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Celgene & Avila Forge Permanent Ties
Jan26

Celgene & Avila Forge Permanent Ties

Today brought a spate of M&A activity in the biotech space, with Amgen unveiling a $1.2 billion bid for Micromet, and Celgene agreeing to pay up to $925 million for Avila Therapeutics. Both deals brought the acquirer a drug in development to treat blood cancers, while also adding a platform technology to their research engines. Being all about the chemistry, The Haystack is particularly interested in the Celgene/Avila deal, which involves covalent drug development technology. Celgene is paying $350 million upfront, with the promise of up to $195 million more if Avila’s lead covalent drug candidate, AVL-292, reaches the market. Pushing other covalent drugs through the pipeline could garner Avila shareholders another $380 million. So what is a covalent drug, anyway? As C&EN’s Lila Guterman described last fall, covalent drugs form a permanent link with their target. By comparison, most conventional drugs are designed to reversibly bind to their targets—in other words, they can stick and “un-stick” to a protein. The beauty of a covalent drug is that its specificity and potency means it can be given in low doses. As Guterman explains, patients only be given enough of the drug for molecule to reach each target protein molecule, and then another dose only when the body has generated more of that target protein. The low dose means less potential for drug-drug interactions and off-target effects. Indeed, for years, scientists avoided developing covalent drugs out of fear that serious toxicity will arise if a covalent drug happens to permanently stick itself to the wrong protein. Check out Guterman’s piece for a cautionary toxicity tale from none other than “Rule-of-Five” inventor (and former Pfizer researcher) Christopher Lipinski. The current generation of covalent drugs, however, is designed to assuage those fears through their highly selective and weakly reactive nature. Avila isn’t the only one banking on better molecular design leading to successful drugs: Zafgen’s obesity drug candidate ZGN433 also covalently binds to its target, an approach that—if it works—could enable it to sidestep the side effect issues that have plagued the obesity drug space. So are these covalent drugs worth the price tag? Avila’s pipeline is relatively young, meaning there isn’t a lot of data to go on: AVL-292 is in Phase I studies in lymphomas; a compound targeting mutant EGFR is also in Phase I trials; meanwhile, two Hepatitis C drug candidates in preclinical studies. The company has also made public preclinical date on its PI3Kα-selective inhibitor (the same target as Intellikine’s INK1117, one of the drivers behind Takeda’s $190 million acquisition of...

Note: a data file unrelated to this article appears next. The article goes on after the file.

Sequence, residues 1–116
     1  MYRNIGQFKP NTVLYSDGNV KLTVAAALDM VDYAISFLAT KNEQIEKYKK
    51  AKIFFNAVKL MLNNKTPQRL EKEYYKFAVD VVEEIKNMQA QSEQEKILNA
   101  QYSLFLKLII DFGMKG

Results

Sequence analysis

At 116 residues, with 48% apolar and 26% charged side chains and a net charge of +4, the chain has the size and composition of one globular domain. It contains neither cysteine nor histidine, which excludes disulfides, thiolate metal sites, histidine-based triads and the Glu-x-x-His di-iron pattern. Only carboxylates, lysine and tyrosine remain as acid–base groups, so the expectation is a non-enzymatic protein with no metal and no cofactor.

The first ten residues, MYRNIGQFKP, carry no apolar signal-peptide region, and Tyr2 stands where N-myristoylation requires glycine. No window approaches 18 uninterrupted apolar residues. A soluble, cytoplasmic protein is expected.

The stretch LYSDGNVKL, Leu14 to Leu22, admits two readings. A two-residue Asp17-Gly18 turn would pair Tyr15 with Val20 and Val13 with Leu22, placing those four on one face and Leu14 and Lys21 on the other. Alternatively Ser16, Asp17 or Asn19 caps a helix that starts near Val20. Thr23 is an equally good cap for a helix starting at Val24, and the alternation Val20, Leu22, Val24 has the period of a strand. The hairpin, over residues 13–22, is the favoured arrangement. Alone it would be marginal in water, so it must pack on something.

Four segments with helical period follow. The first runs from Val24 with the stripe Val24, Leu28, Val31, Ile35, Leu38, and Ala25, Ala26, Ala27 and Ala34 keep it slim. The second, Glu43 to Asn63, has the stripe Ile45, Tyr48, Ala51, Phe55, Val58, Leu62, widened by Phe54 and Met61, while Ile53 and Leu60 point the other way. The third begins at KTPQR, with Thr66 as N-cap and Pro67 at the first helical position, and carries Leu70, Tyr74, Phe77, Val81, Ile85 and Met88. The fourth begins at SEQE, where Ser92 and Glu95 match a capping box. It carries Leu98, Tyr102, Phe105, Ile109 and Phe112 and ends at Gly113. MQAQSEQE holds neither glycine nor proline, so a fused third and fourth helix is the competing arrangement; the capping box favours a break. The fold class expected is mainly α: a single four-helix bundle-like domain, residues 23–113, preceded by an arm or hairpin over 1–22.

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How Jagabandhu Das made dasatinib possible
Jan16

How Jagabandhu Das made dasatinib possible

In my story on how drugs get their generic names for this week’s issue of C&EN, I briefly discussed how the chronic myelogenous leukemia medication Sprycel (dasatinib), mentioned in this Haystack post by SeeArrOh, ended up being named after Bristol-Myers Squibb research fellow Jagabandhu Das. Even though Das, or Jag, as his coworkers call him, didn’t discover the molecule that bears his name, the program leader for Das’s team, Joel Barrish, says dasatinib wouldn’t have existed without him. So how’d Das make a difference? About one and a half years into the search for a kinase inhibitor that might be able to treat chronic myelogenous leukemia, “we were hitting a wall,” Barrish, today vice-president of medicinal chemistry at BMS, recalls. “We couldn’t get past a certain level of potency.” Early on, the team’s work suggested that a 4′-methyl thiazole was critical for potency. Replace the methyl with a hydrogen, and potency went out the window. But Das challenged that dogma, Barrish says. He thought the compound series had evolved to the point where it would be a good idea to go back and test those early assumptions. His hunch paid off– in the new, later kinase inhibitor series, it turned out that removing the methyl group from the thiazole actually boosted potency. Thanks in large part to that discovery, the team eventually was able to make kinase inhibitors with ten thousand fold higher activity. “Jag didn’t stop there,” Barrish says. After debunking the methyl dogma, Das found a way to replace an undesirable urea moiety in the team’s inhibitors with a pyrimidine group, which improved the inhibitors’ physical properties. With help from Das’s two insights combined, eventually BMS’s team came up with the molecule that became dasatinib (J. Med. Chem., DOI: 10.1021/jm060727j). Generic naming requirements are extensive, but the committees involved in the naming process are willing to use inventors’ names as long as they fit the criteria. But sometimes, Barrish says, “there’s luck involved in who makes the final compound.” In the dasatinib story, though, it was clear that Das’s discoveries were the keys to success. When dasatinib was in clinical trials and it came time to put forward a set of possible generic names for consideration, Barrish didn’t have to think too hard about who was most responsible for his team’s success. “It was very clear in my mind that it was Jag,” he says. So he added dasatinib to the list. “I admit, it was one of those things you do and you kind of forget about it, thinking, ‘oh, they’ll pick something else’,” Barrish says. When dasatinib ended up being the name of choice, he...